Newer research is potentially more promising. After looking at 21 studies, the authors of a systematic review and meta-analysis published in June 2021 in Advances in Therapy concluded that EMG biofeedback combined with pelvic floor muscle training achieved better outcomes in the management of SUI than training alone.
3. May Help Treat Epilepsy
Epilepsy is a brain disorder that causes repeated seizures. A seizure is a sudden, uncontrolled electrical disturbance in the brain that creates changes in behavior, movements, feelings, or levels of consciousness, according to the Mayo Clinic.
Normally, epilepsy is treated with prescription medication. But about 30 percent of people with epilepsy don’t respond to medication and continue to have seizures, according to a past article.
Biofeedback may help — in particular, a method known as galvanic skin response (GSR), which monitors changes in the heat and electricity passed through the skin (also known as skin conductivity). GSR is often used in lie detectors, because skin conductance changes in response to emotional thoughts, according to a systematic review and meta-analysis published in April 2019 in Frontiers in Neurology.
GSR biofeedback may help prevent epileptic seizures by increasing control of, and reducing the emotional and physiological arousal that can lead to seizures, creating changes in areas of the brain that are associated with loss of consciousness, per the aforementioned review. And after reviewing four studies, the authors concluded that GSR biofeedback may be an effective tool to reduce epileptic seizures in people who don’t respond to medications.
The research in GSR biofeedback for epilepsy is still limited and lacking. More studies with higher sample sizes are needed to confirm whether it's useful.
4. May Boost Mental Health
Learning to harness body functions that contribute to stress and anxiety — such as breathing, heart rate, and blood pressure — may improve mental health.
A review published in November 2017 by the Canadian Agency for Drugs and Technologies in Health examined five randomized controlled trials on patients with post-traumatic stress disorder (PTSD), generalized anxiety disorder (GAD), and major depressive disorder. The studies used various biofeedback methods, including breath monitoring, neurofeedback (the use of sensors attached to the scalp to monitor brain activity), and heart rate variability (a measure of the variation in time between each heartbeat). Often, biofeedback was combined with conventional mood therapies and showed added benefit when used with CBT and psychotherapy.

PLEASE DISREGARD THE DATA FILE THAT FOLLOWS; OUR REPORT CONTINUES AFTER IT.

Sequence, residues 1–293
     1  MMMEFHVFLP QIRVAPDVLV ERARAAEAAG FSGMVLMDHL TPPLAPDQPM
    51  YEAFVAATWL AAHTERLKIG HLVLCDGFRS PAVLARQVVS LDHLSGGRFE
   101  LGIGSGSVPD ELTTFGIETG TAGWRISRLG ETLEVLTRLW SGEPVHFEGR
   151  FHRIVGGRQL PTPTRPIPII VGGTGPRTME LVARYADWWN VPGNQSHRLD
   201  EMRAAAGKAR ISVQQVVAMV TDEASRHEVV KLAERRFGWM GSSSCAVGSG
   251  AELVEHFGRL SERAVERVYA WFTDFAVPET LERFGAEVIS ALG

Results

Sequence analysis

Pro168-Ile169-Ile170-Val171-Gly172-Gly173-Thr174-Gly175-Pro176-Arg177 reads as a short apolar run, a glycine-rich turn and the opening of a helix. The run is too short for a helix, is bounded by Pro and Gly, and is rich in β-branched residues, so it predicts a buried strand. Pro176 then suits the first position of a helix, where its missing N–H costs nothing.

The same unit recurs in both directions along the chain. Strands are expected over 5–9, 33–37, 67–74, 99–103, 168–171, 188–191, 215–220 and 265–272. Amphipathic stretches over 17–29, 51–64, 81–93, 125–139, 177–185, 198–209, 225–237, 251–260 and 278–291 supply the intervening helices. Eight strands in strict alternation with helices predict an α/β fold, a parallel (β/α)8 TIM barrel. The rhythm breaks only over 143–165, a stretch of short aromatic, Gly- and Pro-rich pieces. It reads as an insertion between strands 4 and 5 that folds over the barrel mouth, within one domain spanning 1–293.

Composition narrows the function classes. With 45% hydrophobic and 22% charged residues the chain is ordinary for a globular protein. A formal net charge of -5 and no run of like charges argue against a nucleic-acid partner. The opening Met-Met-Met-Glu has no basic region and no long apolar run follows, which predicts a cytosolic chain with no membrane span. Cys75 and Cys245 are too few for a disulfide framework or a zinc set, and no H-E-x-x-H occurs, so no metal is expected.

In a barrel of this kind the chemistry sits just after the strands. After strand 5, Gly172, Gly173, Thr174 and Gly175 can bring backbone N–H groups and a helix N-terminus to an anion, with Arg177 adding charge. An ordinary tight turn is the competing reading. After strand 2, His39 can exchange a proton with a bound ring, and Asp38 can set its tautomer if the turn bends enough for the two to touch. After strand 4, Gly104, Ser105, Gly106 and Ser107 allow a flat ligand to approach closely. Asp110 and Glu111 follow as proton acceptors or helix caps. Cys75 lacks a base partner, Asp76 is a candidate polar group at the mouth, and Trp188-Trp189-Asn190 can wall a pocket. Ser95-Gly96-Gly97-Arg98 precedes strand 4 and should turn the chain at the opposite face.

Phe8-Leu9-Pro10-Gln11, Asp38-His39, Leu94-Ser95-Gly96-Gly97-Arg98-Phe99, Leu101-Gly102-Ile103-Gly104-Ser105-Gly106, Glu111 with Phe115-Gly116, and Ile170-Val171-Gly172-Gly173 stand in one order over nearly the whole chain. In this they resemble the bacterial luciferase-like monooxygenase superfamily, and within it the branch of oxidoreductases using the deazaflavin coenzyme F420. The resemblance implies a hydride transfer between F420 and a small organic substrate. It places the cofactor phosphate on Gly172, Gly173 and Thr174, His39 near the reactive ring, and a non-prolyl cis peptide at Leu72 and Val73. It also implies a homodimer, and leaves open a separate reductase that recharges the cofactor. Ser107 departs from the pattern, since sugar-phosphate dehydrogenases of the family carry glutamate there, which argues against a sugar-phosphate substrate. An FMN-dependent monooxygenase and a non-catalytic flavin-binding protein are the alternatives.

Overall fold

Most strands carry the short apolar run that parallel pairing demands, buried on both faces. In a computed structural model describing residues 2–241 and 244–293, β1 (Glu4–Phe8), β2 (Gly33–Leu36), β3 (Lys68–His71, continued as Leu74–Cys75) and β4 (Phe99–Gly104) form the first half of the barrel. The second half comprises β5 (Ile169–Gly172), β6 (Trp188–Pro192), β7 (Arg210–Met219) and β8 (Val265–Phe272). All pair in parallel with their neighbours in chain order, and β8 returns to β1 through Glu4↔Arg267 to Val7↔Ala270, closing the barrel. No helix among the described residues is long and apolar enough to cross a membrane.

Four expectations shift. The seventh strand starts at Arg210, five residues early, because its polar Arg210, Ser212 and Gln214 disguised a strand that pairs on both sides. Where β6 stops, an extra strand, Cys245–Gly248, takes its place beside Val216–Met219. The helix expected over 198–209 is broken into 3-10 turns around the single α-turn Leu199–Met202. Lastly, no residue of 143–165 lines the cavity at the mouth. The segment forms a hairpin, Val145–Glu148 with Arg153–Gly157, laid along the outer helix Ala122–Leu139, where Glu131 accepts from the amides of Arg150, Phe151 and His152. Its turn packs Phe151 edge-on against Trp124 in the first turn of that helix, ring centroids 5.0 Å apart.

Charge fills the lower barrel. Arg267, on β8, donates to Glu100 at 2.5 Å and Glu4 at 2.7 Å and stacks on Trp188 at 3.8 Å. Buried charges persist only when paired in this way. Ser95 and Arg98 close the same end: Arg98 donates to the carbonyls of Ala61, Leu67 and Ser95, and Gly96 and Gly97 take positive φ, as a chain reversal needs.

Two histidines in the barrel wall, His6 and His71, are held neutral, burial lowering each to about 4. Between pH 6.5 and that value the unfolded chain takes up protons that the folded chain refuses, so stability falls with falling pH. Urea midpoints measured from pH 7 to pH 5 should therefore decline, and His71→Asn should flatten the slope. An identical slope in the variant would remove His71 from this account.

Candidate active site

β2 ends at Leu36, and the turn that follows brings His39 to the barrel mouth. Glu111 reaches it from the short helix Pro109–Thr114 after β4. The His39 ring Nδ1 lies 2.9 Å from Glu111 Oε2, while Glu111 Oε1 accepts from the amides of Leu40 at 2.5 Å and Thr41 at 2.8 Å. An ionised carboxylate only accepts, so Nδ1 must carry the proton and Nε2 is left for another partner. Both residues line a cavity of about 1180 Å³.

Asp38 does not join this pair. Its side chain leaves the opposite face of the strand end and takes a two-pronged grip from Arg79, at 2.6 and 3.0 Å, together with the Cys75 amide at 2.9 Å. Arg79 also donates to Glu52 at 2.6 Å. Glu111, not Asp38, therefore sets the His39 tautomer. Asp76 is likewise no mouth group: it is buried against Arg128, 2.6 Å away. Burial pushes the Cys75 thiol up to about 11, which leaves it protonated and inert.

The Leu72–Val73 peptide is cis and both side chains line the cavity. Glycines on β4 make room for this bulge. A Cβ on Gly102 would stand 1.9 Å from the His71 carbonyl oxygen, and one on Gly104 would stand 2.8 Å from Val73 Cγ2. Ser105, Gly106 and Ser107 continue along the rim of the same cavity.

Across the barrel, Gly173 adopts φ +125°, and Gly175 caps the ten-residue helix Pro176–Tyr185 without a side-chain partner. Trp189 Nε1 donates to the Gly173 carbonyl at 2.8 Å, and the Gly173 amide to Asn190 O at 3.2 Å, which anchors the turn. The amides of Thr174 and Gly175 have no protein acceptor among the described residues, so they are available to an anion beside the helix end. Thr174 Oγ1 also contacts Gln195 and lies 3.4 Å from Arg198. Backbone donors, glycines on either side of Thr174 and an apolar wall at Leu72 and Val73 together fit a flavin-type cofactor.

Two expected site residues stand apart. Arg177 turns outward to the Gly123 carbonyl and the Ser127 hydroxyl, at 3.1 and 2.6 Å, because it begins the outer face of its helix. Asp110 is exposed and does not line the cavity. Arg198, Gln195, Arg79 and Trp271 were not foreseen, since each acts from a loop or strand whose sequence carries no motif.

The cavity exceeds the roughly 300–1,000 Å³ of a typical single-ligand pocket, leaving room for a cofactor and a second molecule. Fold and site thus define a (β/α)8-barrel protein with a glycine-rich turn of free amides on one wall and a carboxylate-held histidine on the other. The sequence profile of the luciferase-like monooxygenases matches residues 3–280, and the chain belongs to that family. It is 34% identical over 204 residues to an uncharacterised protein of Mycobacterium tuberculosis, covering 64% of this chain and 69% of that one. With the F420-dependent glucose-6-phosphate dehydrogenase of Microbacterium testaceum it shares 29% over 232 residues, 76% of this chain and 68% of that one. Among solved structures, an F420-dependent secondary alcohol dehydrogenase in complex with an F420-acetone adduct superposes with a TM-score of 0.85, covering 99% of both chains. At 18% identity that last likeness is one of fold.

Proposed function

Overall, patients who received biofeedback training of some type, by a health professional, saw more significant improvements in symptoms than people who did not.
The authors warned that many of the studies they reviewed included small sample sizes and omitted relevant details about study design. Larger, higher-quality studies are needed to confirm the findings.
Another review and meta-analysis, published in March 2021 in Scientific Reports, found that heart rate variability (HRV) biofeedback in particular may improve depression and mental well-being. Lower HRV, or less variation in time between each heartbeat, may be linked with a greater risk of developing depression, the authors postulated. With HRV biofeedback, you may be able to learn how to control your breathing to create changes in heart rate and HRV. As HRV increases, symptoms of depression decrease, per the review’s findings.
5. May Improve Asthma
Learning to control your breathing through HRV biofeedback may also lower stress. While this is helpful in many situations, it may be especially beneficial for people with asthma. According to the Asthma and Allergy Foundation of America, stress is a well-known trigger of asthma attacks.
In a study published in April 2019 in Respiration Physiology and Neurobiology, researchers checked whether HRV biofeedback might prevent stress-induced airway constriction in people with asthma. They gave participants a single HRV biofeedback session and then had them complete a stressful three-part test in which they read color names as quickly as possible. After the stressful test, researchers measured participants’ lung function through spirometry, a common test used to measure how much air you inhale, exhale, and how quickly, according to the Mayo Clinic. They found that people with asthma performed significantly better on the spirometry test after they received HRV biofeedback.
Still, more research is needed.